If a VI risk cannot be excluded based on the result of this screening, then the next phase entails the collection of soil gas samples (different from soil samples), typically from or as close to the source area of contamination as possible. Accordingly, these samples might be collected outside a structure or through the floor of a structure (subslab samples). Logistical issues need to be considered, especially if sampling from inside the structure. Also, because vapor concentrations are susceptible to change depending on many variables, including temperature, multiple soil gas sampling events spread out to capture seasonal variations are usually needed. Unfortunately, such timing collides with timelines in business transactions, site redevelopment schedules, and compliance matters. Soil gas sample results are compared to soil gas screening criteria in the Guidance. Indoor air sampling may also be performed, although indoor air samples are less desirable because results are easily skewed by background indoor air contaminants, leaving ambiguous conclusions. Depending on the outcome of the sampling, the Guidance describes certain response activities that may be necessary or appropriate, such as the application of a vapor barrier or installation of a vapor mitigation system in or around a structure. It is not unusual for a VI evaluation and, if applicable, implementation of a remedy to take months, again conflicting with timelines for transactions and property redevelopment projects. In certain instances, it may make sense to assume a potential but unconfirmed VI risk and save time by moving directly into a mitigation measure.

What are some practical tips to follow to address VI risks? 

  • Work with an environmental consultant and legal counsel who are experienced with VI risks, evaluations, solutions and the MDEQ Guidance.
  • If performing real estate environmental due diligence, prioritize VI early in the process:
    • be sure that the phase I proposal considers vapor encroachment conditions (VECs) and potential VI risks based on existing information;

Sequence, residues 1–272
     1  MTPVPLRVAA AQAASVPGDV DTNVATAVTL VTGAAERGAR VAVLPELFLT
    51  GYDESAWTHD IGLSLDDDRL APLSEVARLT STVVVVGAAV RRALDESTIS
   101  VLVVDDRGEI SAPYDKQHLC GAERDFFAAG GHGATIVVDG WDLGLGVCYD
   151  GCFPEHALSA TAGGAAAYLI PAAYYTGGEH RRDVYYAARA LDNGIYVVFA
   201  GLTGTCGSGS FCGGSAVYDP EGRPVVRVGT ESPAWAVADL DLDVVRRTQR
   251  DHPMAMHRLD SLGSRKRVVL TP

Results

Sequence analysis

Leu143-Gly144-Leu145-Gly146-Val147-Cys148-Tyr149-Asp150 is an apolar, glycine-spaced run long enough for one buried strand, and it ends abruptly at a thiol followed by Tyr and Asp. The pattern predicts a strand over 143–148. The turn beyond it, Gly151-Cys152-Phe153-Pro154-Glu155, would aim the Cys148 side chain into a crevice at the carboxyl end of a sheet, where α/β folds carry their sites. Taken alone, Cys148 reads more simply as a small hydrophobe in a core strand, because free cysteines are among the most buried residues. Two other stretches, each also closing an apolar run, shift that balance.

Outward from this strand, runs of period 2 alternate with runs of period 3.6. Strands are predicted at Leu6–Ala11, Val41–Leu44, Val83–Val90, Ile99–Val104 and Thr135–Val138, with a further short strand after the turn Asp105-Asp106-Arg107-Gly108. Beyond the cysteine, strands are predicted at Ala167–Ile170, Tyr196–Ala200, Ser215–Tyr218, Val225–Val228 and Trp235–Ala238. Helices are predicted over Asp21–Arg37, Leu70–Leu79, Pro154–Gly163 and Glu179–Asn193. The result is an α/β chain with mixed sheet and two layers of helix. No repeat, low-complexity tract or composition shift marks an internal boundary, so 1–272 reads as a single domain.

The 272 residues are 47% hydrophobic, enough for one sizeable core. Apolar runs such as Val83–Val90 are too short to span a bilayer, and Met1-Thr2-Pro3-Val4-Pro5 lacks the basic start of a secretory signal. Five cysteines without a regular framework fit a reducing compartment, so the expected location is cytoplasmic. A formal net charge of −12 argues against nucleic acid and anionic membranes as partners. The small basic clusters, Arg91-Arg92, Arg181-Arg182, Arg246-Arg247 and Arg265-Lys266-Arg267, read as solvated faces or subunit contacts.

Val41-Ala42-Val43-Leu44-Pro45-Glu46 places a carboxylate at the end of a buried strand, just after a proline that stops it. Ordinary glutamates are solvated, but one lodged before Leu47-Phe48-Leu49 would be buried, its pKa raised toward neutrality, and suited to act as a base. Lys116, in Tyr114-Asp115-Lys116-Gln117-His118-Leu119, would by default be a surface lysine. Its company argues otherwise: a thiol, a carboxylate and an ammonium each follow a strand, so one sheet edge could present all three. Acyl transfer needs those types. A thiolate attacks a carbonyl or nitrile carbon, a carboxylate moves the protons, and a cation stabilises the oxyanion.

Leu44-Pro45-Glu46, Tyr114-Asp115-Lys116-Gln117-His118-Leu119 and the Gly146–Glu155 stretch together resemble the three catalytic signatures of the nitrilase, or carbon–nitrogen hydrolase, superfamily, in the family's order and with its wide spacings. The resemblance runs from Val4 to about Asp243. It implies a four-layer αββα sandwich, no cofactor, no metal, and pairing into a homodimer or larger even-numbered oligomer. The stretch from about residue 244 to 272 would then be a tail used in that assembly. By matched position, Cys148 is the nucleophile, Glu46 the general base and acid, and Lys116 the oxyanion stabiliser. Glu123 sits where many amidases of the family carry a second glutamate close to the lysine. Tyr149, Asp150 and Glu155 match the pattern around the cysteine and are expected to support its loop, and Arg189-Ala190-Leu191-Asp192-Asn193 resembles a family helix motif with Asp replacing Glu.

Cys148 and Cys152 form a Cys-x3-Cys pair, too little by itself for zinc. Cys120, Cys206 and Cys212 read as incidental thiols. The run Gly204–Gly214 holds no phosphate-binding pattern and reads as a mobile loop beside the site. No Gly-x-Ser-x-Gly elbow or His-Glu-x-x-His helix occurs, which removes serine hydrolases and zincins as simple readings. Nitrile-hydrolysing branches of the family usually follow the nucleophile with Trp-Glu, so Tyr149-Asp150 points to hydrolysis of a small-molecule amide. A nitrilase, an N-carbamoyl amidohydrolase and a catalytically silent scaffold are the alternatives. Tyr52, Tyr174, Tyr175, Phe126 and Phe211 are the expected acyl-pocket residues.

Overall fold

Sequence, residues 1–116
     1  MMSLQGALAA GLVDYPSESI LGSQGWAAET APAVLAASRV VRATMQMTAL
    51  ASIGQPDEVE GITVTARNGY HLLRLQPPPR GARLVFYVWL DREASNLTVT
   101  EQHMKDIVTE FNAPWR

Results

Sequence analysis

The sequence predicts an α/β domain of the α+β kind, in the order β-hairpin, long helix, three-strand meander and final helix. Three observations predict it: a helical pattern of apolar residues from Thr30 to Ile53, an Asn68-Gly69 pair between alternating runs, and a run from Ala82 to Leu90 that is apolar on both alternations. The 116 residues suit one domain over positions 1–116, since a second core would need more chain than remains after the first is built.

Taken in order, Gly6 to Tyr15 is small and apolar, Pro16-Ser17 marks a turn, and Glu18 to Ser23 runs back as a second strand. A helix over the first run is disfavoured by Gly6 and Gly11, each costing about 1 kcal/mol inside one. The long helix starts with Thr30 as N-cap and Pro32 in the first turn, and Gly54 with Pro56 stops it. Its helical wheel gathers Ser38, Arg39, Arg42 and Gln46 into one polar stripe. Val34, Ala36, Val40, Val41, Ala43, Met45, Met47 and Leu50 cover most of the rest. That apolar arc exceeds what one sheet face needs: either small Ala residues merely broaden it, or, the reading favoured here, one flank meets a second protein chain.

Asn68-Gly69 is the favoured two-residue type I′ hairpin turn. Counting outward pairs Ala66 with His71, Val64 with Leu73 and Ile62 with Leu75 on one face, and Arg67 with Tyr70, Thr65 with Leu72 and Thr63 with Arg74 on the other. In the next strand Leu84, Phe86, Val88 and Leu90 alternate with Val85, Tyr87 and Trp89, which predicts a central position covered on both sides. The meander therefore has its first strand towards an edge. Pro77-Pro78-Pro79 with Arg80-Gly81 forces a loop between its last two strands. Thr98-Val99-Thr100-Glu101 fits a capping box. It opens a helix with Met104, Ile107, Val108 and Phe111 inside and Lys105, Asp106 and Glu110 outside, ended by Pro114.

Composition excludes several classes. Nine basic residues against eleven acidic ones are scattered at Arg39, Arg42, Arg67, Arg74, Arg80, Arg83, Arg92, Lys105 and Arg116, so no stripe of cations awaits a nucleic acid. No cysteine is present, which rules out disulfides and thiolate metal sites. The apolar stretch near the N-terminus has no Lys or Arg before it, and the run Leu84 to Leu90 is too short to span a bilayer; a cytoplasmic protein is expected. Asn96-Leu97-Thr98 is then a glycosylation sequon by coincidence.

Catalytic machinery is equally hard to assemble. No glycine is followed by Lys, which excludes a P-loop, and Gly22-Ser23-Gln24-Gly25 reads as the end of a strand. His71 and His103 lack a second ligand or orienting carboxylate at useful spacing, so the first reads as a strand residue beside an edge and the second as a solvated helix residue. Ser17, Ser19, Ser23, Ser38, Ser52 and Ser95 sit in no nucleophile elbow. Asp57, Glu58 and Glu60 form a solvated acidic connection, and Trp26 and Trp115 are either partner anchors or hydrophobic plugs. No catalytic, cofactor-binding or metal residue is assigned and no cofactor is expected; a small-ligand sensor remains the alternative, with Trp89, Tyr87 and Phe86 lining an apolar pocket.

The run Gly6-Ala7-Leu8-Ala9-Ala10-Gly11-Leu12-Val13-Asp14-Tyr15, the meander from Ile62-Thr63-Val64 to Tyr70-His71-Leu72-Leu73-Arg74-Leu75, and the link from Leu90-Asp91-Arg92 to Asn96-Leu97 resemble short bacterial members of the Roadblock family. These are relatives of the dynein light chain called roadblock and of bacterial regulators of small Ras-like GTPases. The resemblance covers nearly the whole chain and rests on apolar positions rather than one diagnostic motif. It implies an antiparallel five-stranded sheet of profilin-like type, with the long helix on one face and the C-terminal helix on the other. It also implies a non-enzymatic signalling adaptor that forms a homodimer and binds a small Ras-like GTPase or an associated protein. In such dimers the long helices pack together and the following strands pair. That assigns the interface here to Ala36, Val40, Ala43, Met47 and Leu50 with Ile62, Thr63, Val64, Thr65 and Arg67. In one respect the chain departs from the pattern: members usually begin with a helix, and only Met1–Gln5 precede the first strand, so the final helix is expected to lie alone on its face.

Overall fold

• ask the consultant to elevate the focus on potential VI risks as soon as possible; there is usually no need to wait until the phase I assessment is completed;
    • if a potential VI risk is flagged, promptly develop a strategy and timeline for subsequent evaluation consistent with the MDEQ Guidance and aligned with the project goals. For example, consider the logistics and timing of performing soil gas sampling (inside vs. outside the structure and during business vs. after business hours). If the investigation will need to extend post-closing, consider an agreement that will anticipate potential outcomes of that work, such as an escrow agreement.
  • Consider whether it makes sense, given project goals and timing, to presume a VI risk is unacceptable and move directly to a presumptive remedy.
  • Consider incorporating vapor barriers into new construction, despite lack of a confirmed unacceptable VI risk.

One thing is certain – the scientific study of vapor intrusion continues to develop; therefore, the pivotal role that vapor risks play in cleanups, brownfield redevelopment, transactions and environmental compliance will continue to evolve. Watch for our future blogs about VI which will cover various topics, including VECs in phase I assessments; distinctions between cleanup liability and due care liability for VI and how those distinctions affect business transactions; potential legal claims, including tort claims, for VI exposures and mitigation costs; insurance coverage for VI; and inclusion of VI concepts in environmental restrictive covenants. We will keep you updated as VI issues continue to unfold in Michigan – with the hope that we will help you breathe a little easier.

Please contact Mary Jane Rhoades or another environmental lawyer at Rhoades McKee with any questions.